Now one of the oldest shipwrecks in the state, the Queen Anne’s Revenge once served as the flagship for the infamous pirate Blackbeard before running aground in 1718. In 1996, the North Carolina Department of Cultural Resources created the Queen Anne’s Revenge Recovery Project as the entity responsible for the recovery and conservation of the ship’s remains, half of which have thus far been excavated and conserved in a lab at East Carolina University. In addition to its conservation efforts, the project actively promotes the shipwreck through articles in the media, museum exhibits, and education outreach activities to school groups and families around the country.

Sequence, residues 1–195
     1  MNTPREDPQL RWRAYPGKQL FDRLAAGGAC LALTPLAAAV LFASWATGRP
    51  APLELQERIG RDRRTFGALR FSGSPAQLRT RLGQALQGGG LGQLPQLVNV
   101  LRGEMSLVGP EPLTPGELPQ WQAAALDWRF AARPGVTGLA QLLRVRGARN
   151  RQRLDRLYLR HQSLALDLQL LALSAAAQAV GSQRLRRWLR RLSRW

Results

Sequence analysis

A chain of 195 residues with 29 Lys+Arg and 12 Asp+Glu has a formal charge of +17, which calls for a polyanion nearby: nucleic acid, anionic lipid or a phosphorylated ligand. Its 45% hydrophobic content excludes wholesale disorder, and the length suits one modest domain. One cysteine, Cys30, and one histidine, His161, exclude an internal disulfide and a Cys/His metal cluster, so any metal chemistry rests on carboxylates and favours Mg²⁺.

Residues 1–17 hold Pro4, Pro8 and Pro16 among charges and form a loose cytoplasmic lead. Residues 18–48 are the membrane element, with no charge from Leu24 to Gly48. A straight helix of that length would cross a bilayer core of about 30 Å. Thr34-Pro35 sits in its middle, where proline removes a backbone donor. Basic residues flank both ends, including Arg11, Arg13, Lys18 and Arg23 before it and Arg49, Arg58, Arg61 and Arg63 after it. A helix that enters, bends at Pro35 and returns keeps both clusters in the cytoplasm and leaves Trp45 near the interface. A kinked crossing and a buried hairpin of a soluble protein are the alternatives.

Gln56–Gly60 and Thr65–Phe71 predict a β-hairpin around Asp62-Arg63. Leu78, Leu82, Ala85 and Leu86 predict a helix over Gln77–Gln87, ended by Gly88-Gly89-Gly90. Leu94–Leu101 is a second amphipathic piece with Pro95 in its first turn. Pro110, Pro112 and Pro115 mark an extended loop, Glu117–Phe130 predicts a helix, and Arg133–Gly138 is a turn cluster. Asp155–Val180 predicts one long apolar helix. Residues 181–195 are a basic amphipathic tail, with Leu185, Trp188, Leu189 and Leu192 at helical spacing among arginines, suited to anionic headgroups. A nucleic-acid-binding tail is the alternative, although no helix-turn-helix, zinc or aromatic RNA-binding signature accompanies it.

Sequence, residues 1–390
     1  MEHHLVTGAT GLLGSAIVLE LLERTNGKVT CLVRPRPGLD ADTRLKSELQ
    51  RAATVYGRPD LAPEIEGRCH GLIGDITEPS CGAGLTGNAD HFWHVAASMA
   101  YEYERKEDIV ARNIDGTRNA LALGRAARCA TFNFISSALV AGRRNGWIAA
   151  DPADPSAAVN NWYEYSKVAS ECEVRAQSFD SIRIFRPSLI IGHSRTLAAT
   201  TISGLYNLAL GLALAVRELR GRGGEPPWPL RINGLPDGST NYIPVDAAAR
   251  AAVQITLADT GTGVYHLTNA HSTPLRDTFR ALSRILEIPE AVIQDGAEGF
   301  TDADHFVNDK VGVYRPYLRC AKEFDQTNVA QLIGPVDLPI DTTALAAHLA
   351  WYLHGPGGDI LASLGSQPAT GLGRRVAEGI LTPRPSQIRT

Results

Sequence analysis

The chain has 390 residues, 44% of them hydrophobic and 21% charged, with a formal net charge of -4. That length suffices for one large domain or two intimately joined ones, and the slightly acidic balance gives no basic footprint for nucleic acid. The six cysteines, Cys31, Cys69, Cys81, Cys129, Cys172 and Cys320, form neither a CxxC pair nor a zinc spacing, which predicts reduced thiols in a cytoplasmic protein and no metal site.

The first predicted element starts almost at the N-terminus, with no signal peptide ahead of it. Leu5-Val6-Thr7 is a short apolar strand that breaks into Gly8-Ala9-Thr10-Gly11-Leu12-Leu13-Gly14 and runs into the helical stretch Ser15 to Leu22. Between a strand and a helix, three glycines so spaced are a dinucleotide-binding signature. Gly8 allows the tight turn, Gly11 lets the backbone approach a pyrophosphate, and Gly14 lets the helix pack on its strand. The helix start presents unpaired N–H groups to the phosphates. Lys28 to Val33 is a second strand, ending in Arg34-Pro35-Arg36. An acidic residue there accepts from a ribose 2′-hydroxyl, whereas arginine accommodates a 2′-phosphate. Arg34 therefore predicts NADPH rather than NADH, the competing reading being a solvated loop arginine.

May 10, 2013
An update on the artifact conservation from the Queen Anne's Revenge Shipwreck
November 7, 2012
The North Carolina Maritime Museum had a great turnout for Queen Anne's Revenge Community Day, held in honor of National Archaeology Day, on October 20th.
July 4, 2012
The AIA supports the Queen Anne's Revenge Shipwreck Project through funds raised at the Spring Gala in New York City.
The AIA is North America's largest and oldest nonprofit organization dedicated to archaeology. The Institute advances awareness, education, fieldwork, preservation, publication, and research of archaeological sites and cultural heritage throughout the world. Your contribution makes a difference.